What is the Government’s response to SOGICA’s recommendation?

The SOGICA Project requested that the Home Office implement a UNHCR recommendation to specify that the burden of proof be shared between asylum claimants and public authorities. The citation given is to UNHCR’s paper commenting on the European Commission’s 2016 Proposal for a Qualification Regulation, with UNHCR placing emphasis on a shared burden of proof applicable in assessing applications for international protection.

We note the comment and the context in which it was given, which is the consideration of a claim to be in need of protection and not the assessment of family relationships. Published guidance makes it clear to decision makers that when considering whether there is sufficient information to accept the relationship in a Dublin III case the standard to be applied is that of the balance of probabilities and they must be mindful of the difficulties that people may face in providing documentary evidence of their relationship.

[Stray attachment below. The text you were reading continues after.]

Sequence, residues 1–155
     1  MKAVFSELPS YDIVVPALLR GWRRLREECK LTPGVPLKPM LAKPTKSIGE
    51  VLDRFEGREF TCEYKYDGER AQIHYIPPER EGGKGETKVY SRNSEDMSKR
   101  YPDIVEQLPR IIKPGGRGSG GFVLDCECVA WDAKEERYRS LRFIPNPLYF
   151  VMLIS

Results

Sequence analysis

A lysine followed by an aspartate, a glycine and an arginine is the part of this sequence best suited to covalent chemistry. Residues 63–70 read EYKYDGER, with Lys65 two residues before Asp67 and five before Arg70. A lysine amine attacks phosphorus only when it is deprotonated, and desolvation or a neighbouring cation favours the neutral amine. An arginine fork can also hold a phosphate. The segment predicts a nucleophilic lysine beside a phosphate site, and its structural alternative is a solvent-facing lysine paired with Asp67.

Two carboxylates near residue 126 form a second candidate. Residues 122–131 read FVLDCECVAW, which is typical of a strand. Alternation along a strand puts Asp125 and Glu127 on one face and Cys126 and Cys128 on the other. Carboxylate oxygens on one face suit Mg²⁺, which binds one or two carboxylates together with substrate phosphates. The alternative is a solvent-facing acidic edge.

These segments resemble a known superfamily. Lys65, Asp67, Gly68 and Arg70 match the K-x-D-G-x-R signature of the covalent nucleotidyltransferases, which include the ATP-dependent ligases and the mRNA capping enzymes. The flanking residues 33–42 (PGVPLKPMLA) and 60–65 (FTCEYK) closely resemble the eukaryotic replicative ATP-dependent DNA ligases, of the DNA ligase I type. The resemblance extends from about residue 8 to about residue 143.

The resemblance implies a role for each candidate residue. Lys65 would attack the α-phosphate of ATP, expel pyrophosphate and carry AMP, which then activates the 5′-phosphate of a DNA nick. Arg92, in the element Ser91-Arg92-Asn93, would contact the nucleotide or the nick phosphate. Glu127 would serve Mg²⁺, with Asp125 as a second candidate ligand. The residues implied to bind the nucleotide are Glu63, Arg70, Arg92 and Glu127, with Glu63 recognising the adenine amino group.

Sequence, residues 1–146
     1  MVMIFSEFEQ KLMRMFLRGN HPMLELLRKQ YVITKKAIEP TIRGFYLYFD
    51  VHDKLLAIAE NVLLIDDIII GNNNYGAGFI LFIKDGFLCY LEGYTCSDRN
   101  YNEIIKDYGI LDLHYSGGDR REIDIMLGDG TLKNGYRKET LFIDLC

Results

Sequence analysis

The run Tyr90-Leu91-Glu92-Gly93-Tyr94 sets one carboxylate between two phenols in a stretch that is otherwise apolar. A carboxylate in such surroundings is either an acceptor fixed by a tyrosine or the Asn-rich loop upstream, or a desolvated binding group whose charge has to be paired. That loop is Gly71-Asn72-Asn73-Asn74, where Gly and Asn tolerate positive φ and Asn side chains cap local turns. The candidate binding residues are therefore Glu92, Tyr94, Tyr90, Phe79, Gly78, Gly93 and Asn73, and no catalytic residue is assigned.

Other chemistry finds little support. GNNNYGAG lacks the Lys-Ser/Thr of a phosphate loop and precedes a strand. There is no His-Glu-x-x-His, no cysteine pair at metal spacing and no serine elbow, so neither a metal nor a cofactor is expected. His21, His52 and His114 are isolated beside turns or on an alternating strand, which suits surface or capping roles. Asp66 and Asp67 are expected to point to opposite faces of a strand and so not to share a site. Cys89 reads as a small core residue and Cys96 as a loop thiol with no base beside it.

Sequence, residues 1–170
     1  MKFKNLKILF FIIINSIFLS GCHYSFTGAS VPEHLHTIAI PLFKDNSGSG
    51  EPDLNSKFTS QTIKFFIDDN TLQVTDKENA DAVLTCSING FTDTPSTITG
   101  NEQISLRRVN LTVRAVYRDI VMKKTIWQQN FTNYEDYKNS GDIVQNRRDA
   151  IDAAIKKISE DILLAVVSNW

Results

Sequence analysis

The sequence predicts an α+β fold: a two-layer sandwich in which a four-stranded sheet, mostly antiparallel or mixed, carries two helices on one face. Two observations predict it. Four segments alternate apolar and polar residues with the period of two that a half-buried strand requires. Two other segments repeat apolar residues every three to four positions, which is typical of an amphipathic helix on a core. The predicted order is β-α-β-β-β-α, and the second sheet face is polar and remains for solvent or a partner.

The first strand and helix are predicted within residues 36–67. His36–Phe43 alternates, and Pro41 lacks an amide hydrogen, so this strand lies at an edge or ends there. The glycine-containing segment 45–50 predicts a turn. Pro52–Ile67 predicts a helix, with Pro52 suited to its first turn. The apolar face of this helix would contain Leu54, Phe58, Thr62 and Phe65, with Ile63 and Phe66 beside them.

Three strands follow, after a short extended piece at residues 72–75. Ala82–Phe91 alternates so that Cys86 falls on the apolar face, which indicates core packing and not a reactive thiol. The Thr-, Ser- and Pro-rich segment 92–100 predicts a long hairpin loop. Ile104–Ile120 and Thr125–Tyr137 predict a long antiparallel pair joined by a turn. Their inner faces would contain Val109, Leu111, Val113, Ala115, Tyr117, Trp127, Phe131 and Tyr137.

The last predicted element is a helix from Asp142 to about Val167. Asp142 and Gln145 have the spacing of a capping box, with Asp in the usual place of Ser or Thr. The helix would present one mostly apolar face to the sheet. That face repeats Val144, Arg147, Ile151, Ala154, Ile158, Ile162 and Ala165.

What is your anticipated timetable for concluding an agreement with the EU on family unity for those seeking asylum or other protection in Europe, as set out in section 17 of the EU (Withdrawal) Act 2018?

The Government is committed to fulfilling the obligation under section 17 of the EU Withdrawal Act 2018 regardless of whether we leave the EU with a deal or not.

The SOGICA Project, which is researching sexual orientation and gender identity claims of asylum, submitted evidence that asylum seekers in the UK were unaware they could claim asylum on the basis of their sexual orientation or gender identity (SOGI). The SOGICA Project recommends that the UK advise all asylum seekers that persecution on the grounds of SOGI, among other grounds, constitutes a legitimate claim to international protection. What information on grounds for claiming asylum does the UK Government provide asylum seekers on its territory? How is this information provided and can it be found at all airports, ports, and UK Visas and Immigration Offices?